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News updated at 2:03 AM IST

Rhino calves left deserted by flood, poachers find new home

Kaziranga (Assam), Dec 17 , 2012 (PTI) 14:40 IST
A file photo taken on June 22, 2010 shows a bird sitting on the head of a white rhino at Kruger National Park, some 60 kms from Nelspruit in South Africa. With killings at 'crisis levels,' wildlife authorities in South Africa's Kruger National Park announced on December 12, 2012 they would give substantial cash rewards for tipoffs about rhino poaching. AFP PHOTO
Rhino calves separated from parents during annual floods in the Kaziranga National Park and young rhinos left orphaned by poachers are finding a new home at the Manas National Park, the other world heritage sanctuary in Assam.

Doing this job is the Centre for Wildlife Rehabilitation and Conservation which has completed a decade of its existence in the state.

Director of Kaziranga National Park, N K Vasu, told PTI, "The rehabilitated rhinos are released back to the wild in the Manas National Park in an effort to refurbish the rhino population there after it suffered a near wipe-out a decade ago due to insurgency."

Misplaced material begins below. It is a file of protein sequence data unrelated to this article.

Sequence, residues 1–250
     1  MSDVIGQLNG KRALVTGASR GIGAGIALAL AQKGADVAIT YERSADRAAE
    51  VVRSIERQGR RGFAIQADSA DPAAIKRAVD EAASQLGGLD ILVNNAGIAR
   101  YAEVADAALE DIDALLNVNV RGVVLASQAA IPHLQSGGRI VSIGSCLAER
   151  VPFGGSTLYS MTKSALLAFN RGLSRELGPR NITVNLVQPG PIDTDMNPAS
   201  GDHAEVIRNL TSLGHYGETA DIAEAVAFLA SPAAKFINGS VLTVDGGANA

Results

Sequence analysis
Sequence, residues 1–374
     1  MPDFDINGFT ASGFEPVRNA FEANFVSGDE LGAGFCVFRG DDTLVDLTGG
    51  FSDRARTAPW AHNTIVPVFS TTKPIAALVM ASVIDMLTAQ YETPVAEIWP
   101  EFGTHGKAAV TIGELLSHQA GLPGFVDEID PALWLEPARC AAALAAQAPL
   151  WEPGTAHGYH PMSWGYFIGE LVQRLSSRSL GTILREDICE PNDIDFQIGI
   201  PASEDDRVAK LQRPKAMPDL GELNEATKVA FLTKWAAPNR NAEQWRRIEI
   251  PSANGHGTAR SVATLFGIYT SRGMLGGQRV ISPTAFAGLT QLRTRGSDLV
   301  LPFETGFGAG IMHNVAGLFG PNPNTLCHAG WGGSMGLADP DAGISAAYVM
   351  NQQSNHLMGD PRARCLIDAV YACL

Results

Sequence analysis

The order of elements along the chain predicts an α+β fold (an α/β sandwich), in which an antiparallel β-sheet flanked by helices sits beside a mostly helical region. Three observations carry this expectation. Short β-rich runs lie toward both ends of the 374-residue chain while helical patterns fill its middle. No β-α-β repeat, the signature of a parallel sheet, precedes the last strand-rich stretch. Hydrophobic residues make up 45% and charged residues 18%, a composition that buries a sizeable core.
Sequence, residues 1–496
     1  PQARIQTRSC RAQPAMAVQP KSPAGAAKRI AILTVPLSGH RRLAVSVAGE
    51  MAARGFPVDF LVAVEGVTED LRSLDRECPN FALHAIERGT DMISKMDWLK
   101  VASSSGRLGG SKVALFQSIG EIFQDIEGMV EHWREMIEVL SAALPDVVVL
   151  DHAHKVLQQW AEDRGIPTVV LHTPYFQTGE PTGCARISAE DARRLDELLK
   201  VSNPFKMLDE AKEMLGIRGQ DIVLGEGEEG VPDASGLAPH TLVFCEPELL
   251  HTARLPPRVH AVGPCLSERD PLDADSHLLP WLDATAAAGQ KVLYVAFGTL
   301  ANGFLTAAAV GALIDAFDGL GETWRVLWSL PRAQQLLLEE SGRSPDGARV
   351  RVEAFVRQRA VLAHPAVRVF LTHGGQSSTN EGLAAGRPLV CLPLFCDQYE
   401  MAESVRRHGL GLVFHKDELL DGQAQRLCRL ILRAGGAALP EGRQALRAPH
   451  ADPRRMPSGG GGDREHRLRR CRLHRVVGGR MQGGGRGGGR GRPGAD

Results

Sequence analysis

Vasu said the calves were bottle-fed formula milk every two hours until they were around two months old and around a month later they were given bits of grass to nibble at and eventually multigrain supplements.

Initially housed in the indoor nursery for stabilisation for varying periods of time depending on age, the calves are later transferred to one-acre outdoor paddocks within the centre, he said.

Unlike elephant calves that suckle for about three years in captivity, rhino calves get weaned off milk by about 18 months of age and they also start nibbling blades of grass much earlier than elephant calves.

While at CWRC, the calf undergoes treatment for injuries and is carefully nursed back to health by resident vets and keepers and once weaned, the calves are ready for rehabilitation to the release site, Vasu said.

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